Just 127 of the 300 visas for tanker drivers to come to the UK immediately have been granted, Boris Johnson has said, as he argued that supply chain problems are caused “very largely by the strength of the economic recovery”.
The Prime Minister told BBC Breakfast: “What we said to the road haulage industry was: ‘Fine, give us the names of the drivers that you want to bring in and we will sort out the visas, you’ve got another 5,000 visas.’
“They only produced 127 names so far.
“What that shows is the global shortage.”
Mr Johnson added: “The supply chain problem is caused very largely by the strength of the economic recovery.
“What you will see is brilliant logistic experts in our supermarket chains, in our food processing industry, getting to grips with it, finding the staff that they need. We will help them in any way that we can.
“But the shortage is global.”
The Department for Transport later clarified that of the 127 visas issued, 27 were for fuel tanker drivers and the remaining 100 were for food hauliers.
The Prime Minister told the BBC: “What you can’t do is go back to the old, failed model where you mainline low-wage, low-skilled labour – very often very hard-working, brave, wonderful people – who come in, working in conditions that frankly are pretty tough, and we shouldn’t be going back to that.”
That had led to a situation where there was not investment in the industry and “people had to urinate in bushes” because of the lack of facilities for drivers, he said.
Mr Johnson has insisted Christmas would be better than last year’s coronavirus-blighted festive season, despite warnings about supply chain problems.
However he has repeatedly refused to rule out shortages in the wider economy in the run-up to Christmas.
As well as an estimated shortfall of 100,000 HGV drivers, businesses from meat producers to retailers have warned of empty shelves if the shortages are not addressed.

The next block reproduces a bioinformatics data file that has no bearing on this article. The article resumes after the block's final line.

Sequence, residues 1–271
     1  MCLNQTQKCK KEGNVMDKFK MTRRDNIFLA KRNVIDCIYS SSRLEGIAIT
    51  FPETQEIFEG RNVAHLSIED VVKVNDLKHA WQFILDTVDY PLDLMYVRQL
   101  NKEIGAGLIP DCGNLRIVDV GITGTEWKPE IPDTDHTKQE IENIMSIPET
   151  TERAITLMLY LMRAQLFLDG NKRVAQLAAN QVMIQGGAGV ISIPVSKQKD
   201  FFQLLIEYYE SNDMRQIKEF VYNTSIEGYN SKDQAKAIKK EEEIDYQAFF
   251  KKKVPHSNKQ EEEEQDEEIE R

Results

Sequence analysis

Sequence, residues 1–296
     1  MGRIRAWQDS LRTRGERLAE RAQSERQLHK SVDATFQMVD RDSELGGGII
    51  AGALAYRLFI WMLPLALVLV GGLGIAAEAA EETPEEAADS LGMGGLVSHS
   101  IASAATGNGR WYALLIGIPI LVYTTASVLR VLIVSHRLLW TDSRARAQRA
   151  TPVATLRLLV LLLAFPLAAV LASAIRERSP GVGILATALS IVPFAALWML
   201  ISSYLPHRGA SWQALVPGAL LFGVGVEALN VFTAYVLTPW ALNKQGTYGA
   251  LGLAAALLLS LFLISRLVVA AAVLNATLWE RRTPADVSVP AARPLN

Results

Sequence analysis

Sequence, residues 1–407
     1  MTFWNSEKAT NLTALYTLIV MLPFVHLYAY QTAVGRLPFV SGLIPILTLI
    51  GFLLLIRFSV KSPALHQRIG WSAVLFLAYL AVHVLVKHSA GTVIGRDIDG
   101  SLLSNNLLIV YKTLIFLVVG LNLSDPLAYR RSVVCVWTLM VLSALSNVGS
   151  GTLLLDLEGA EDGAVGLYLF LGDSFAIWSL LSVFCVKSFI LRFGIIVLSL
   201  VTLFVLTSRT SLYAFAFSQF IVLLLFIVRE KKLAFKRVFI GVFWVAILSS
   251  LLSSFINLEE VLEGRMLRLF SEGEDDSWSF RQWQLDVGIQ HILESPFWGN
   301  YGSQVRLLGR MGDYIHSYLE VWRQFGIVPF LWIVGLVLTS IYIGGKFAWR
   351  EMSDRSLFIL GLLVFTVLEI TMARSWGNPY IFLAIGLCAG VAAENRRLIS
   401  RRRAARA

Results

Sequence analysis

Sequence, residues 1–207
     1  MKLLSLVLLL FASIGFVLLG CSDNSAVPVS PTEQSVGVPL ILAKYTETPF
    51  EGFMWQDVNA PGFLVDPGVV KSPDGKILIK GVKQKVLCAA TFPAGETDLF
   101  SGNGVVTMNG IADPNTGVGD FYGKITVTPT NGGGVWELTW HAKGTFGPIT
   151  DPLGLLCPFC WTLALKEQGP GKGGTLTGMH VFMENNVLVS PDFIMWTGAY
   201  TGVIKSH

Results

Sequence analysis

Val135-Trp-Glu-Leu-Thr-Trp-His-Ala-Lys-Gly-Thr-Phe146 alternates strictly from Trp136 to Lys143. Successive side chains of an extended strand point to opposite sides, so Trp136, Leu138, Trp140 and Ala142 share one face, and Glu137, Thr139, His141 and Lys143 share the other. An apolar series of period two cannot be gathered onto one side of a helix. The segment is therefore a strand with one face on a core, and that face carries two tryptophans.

“Christmas this year will be very considerably better than last year,” Mr Johnson told the BBC.
“I think we have very reliable supply chains in this country.”
He added: “There are obviously issues that we have to address, there have been shortages in lorry drivers around the world.
“There are shortages of lorry drivers in China at the moment because the world economy is growing again.”
However the Road Haulage Association (RHA) disagreed with Mr Johnson’s comments over the Government asking for names of European lorry drivers they want to work in the UK.
Rod McKenzie, managing director of policy and public affairs at the RHA, told the PA news agency: “There isn’t a database of lorry drivers with names attached to them and want to work in Britain that British lorry firms can tap into and say: ‘We’ll have that one, that one, that one or that one.’ It doesn’t work like that, it doesn’t exist.
“The only way it works is the Government advertises that short-term visas are available, Europeans think about it, decide whether they want to or don’t want to, and act accordingly. And, clearly, only 127 to date have acted accordingly.”
Mr McKenzie added that while he had seen reports that 27 drivers had applied compared to Mr Johnson stating that 127 had applied, he said he did not know how many had actually applied as the association was not privy to that information.
He added: “Why would you give up a well-paid job in Europe, to come and drive a truck in Britain for a very short period of time when you have to get a six-month let on a flat and go through all the hassle, initially to be chucked out on Christmas Eve, but now, we’re told, for a bit later?
“It is not an attractive offer and, effectively, what Europeans have done is kind of vote with their feet on that.”
The Prime Minister’s comments came as average petrol prices rose 0.91p a litre in a week from 135.19p last week to 136.1p on Tuesday, and diesel 1.7p from 137.9p to 139.2p, according to new Government figures.
It is the highest level for petrol since it cost 136.9p in September 2013, and for diesel since it was 139.15p in October of the same year.